The Detroit Lions allowed a team quarterbacked by Chase Daniel to come into their building and extinguish all playoff hope. They once again embarrassed themselves in front of a national television audience, serving as a side dish of incompetence, something to be mindlessly consumed without thinking once a year as tradition. Nothing ever changes. Lions fans who operate in the real world understand that nothing ever will.
The thing is, it was supposed to. You don’t fire a winning coach without thinking there are greener pastures ahead. But the Lions did just that to Jim Caldwell, who went 36-28 in four years and made the postseason twice. They sent him packing after consecutive 9-7 seasons to bring in Matt Patricia, hoping adjacency to Bill Belichick greatness would yield immediate results.
It hasn’t. Mark this down as yet another fruitless season. No divisional titles since 1993. No playoff wins since 1991. One playoff win since 1957. Relevance once a year for those seeking to avoid talking to their families. As jesters. Foils. An old, reliable laugh.
The gameplan should have been simple. Avoid surrendering a defensive or special teams touchdown. Score 17 points. Win, and keep slim hope alive. They couldn’t do that. Matthew Stafford, the best quarterback in franchise history, threw a devastating pick-six with six minutes remaining in regulation. It was the mistake one would expect Daniel, making just his third start in nine years, to make. It proved fatal.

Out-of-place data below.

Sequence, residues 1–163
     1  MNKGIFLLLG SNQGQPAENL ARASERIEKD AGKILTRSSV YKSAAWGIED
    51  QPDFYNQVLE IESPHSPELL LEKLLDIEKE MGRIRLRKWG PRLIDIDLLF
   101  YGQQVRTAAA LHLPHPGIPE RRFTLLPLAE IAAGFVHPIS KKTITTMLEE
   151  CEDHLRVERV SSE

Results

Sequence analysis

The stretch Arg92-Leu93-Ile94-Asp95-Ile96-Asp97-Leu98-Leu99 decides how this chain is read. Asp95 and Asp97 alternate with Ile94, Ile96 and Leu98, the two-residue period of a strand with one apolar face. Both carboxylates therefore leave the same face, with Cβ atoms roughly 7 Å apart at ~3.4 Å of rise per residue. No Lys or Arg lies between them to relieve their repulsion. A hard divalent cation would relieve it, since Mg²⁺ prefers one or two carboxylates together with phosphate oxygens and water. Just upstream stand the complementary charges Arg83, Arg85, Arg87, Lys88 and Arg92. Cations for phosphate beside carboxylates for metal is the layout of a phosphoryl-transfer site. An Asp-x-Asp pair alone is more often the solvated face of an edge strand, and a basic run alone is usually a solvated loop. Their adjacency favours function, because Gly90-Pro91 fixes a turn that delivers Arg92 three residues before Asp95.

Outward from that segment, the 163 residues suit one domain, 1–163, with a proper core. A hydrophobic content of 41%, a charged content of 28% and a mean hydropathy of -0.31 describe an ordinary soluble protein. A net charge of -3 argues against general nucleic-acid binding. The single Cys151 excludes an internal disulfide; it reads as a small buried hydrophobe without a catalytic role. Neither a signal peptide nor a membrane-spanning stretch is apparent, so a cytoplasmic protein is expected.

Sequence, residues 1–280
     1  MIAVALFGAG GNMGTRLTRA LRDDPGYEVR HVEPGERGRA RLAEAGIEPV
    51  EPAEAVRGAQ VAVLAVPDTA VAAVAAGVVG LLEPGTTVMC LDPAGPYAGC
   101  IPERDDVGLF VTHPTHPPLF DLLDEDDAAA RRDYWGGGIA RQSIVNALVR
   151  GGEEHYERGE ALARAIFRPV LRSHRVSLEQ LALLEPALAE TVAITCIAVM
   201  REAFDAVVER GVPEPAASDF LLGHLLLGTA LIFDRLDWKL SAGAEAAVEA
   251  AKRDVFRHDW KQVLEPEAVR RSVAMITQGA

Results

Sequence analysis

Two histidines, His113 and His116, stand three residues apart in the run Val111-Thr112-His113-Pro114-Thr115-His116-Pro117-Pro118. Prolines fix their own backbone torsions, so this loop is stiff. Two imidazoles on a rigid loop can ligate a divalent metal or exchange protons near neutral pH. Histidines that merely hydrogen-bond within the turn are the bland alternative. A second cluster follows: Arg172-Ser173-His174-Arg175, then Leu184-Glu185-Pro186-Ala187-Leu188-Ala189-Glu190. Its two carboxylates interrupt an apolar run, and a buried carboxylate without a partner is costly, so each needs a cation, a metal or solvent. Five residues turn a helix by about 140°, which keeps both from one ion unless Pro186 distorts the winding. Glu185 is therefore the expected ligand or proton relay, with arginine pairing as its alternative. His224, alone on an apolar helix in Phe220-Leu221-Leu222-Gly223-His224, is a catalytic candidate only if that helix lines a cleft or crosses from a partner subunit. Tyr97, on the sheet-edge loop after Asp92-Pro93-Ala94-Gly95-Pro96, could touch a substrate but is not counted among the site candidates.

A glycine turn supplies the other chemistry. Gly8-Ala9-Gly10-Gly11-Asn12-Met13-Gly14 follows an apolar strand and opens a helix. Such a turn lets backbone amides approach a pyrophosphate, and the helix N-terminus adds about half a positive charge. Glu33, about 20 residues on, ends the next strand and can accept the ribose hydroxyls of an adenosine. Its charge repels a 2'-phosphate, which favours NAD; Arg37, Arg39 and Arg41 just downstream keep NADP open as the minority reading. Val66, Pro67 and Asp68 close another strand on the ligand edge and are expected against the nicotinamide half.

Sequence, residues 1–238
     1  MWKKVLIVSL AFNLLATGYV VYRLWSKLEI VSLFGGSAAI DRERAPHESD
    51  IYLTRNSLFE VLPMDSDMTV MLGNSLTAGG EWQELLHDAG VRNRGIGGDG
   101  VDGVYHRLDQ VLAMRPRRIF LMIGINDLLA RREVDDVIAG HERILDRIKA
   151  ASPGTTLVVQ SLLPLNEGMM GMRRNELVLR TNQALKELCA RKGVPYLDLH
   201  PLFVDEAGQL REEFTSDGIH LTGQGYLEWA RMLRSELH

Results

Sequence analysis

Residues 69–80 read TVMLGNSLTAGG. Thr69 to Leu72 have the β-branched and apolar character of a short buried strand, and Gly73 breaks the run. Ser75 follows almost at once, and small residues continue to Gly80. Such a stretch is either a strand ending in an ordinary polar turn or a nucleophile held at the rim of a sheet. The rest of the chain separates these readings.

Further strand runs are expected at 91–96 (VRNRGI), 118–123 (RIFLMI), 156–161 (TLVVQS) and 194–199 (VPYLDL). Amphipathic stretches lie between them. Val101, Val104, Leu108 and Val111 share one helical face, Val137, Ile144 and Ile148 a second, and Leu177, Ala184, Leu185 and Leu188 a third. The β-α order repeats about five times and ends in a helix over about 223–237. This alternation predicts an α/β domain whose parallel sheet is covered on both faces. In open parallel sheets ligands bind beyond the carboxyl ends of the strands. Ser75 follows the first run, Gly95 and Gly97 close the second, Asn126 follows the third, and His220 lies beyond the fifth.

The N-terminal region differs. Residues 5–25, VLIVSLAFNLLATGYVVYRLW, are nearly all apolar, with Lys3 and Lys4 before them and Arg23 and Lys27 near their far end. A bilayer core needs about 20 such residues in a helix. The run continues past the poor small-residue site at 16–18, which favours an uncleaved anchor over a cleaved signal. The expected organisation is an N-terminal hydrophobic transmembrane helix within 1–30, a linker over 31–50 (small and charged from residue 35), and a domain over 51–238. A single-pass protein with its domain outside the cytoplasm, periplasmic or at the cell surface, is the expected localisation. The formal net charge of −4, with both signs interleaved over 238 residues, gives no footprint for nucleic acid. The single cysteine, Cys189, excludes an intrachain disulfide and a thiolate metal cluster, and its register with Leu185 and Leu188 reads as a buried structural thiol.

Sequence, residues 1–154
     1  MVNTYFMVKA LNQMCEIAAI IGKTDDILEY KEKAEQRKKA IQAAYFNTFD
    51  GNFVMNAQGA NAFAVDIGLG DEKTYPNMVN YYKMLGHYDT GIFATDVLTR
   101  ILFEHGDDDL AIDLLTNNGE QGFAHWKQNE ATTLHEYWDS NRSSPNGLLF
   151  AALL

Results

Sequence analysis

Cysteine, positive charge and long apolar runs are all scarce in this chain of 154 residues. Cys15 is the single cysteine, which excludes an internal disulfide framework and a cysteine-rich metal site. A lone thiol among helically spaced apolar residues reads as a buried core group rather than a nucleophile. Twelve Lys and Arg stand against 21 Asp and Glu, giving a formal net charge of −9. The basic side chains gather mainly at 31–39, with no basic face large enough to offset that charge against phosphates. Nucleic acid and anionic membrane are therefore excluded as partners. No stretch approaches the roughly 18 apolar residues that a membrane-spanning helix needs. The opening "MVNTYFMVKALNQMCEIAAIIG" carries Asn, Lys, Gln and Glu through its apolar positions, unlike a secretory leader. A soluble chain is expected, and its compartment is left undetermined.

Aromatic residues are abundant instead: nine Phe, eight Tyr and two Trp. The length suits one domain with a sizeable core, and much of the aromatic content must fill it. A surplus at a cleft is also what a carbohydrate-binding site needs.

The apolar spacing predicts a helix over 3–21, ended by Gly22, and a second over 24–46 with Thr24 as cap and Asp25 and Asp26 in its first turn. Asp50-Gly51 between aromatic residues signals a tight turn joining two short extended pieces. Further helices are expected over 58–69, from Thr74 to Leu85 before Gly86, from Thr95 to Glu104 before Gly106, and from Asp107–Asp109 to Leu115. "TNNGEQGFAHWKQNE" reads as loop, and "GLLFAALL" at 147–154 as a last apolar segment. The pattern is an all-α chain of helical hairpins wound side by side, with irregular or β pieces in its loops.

That moniker of best Lion QB ever is a double-edged sword. Stafford is not in the top third of signal-callers league-wide. His prime is in the rearview window. He’s likely the best option, but still an nonviable one of the goal is winning championships. He’s morphed into a check-down specialist, posting his lowest adjusted net yards/attempt of his career. He’s thrown 17 touchdowns and 10 interceptions. With Kerryon Johnson providing competent rushing for the first time in a decade, the offense has still been pedestrian.
It’s starting to sound like a broken record at this point, but everyone associated with the Lions should be intensely thankful anyone in Michigan still cares enough to watch and follow along. The fans get so little out of the experience and are asked to put up with so much. This year has shockingly brought out the arrogance in the new crew, from chastising reporters to coming in with tons of unearned snark.
The new bosses are a lot like the old bosses, only with worse results. Like cranberry sauce, boxed stuffing, and dry turkey, people will continue to consume it out of a sense of loyalty to tradition. But they should all acknowledge that the old family recipe stinks.